Cardno ChemRisk offers statistical and modeling services with a focus on quantitative exposure and toxicological modeling for human health risk assessments. Our scientists implement these services to predict levels of exposure to chemicals or physical hazards and to characterize potential adverse health effects. Our capabilities enable us to answer a host of critical questions about the exposure and risk associated with unique occupational, community, and consumer settings.

We are adept at applying our knowledge as consulting experts to a wide range of scenarios, such as predicting exposures using environmental fate and transport modeling or determining the relationship between an exposed dose and adverse health effects using statistical analyses. As computational scientists, we use our quantitative expertise to develop and implement methods for exposure and toxicological assessments, environmental and occupational epidemiological research, regulatory support and compliance, and analytical study design.

Project Example: Community Exposure Air Modeling

Project Overview: In response to mass toxic tort litigation, Cardno ChemRisk compiled emissions information from 1976 to 2012 and performed air dispersion modeling using the CALPUFF model for a chemical manufacturing facility along the Ohio River in northwest West Virginia. The purpose of the air dispersion modeling was to provide input into an exposure assessment of the neighboring residents.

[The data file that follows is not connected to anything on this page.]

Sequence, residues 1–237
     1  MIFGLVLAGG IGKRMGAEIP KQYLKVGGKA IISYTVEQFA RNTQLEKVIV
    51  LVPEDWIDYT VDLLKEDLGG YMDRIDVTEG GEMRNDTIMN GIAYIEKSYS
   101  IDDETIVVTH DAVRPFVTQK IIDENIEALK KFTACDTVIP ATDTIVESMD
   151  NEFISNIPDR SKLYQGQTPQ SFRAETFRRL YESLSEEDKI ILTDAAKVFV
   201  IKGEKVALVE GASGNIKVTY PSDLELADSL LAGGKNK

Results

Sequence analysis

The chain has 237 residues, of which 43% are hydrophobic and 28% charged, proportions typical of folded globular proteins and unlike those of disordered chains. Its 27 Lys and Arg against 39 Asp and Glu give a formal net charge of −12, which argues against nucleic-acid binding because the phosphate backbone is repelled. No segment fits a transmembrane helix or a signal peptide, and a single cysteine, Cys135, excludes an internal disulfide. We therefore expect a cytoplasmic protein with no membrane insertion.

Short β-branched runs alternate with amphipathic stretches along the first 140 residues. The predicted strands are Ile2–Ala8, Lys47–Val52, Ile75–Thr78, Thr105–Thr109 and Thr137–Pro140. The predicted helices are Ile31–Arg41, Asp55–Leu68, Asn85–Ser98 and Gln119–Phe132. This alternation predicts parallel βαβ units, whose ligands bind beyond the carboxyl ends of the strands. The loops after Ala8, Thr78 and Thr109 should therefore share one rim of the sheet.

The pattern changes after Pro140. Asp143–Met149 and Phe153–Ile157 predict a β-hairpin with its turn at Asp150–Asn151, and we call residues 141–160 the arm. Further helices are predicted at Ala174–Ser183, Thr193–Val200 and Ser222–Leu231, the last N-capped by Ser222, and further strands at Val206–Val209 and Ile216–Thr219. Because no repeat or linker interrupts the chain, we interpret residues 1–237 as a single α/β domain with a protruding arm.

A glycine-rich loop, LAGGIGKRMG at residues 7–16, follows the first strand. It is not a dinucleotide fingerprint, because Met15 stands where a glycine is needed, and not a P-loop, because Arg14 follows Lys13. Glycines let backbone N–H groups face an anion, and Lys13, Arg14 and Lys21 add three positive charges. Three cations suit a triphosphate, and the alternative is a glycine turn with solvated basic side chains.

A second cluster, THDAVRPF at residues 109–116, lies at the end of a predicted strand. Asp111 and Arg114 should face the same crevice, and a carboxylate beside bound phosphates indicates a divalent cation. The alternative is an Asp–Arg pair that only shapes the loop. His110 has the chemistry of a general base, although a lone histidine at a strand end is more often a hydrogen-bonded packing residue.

Our Approach: Cardno ChemRisk scientists reviewed thousands of pages of engineering and air emission documents for the facility in order to estimate historical emissions of 44 different chemicals that were known to have been released from the facility.  These emission estimates were then used as inputs into the CALPUFF air dispersion model to estimate air concentrations at 1,000 receptor locations within 20 miles of the facility.  The CALPUFF model was selected because of the potential for valley effects for the facility that was located along a flat in the midst of complex terrain. As a screening level evaluation, the estimated air concentrations were compared to U.S. EPA Risk-based Screening Levels (RSLs) for ambient air, and only four chemicals were identified that had estimated air concentrations above the RSLs for any of the receptor locations. This analysis was used to focus future exposure assessment activities on only those four chemicals.

Our Value: Our experience in emission estimation from historical documentation and our air dispersion modeling expertise were key factors in the success of this project.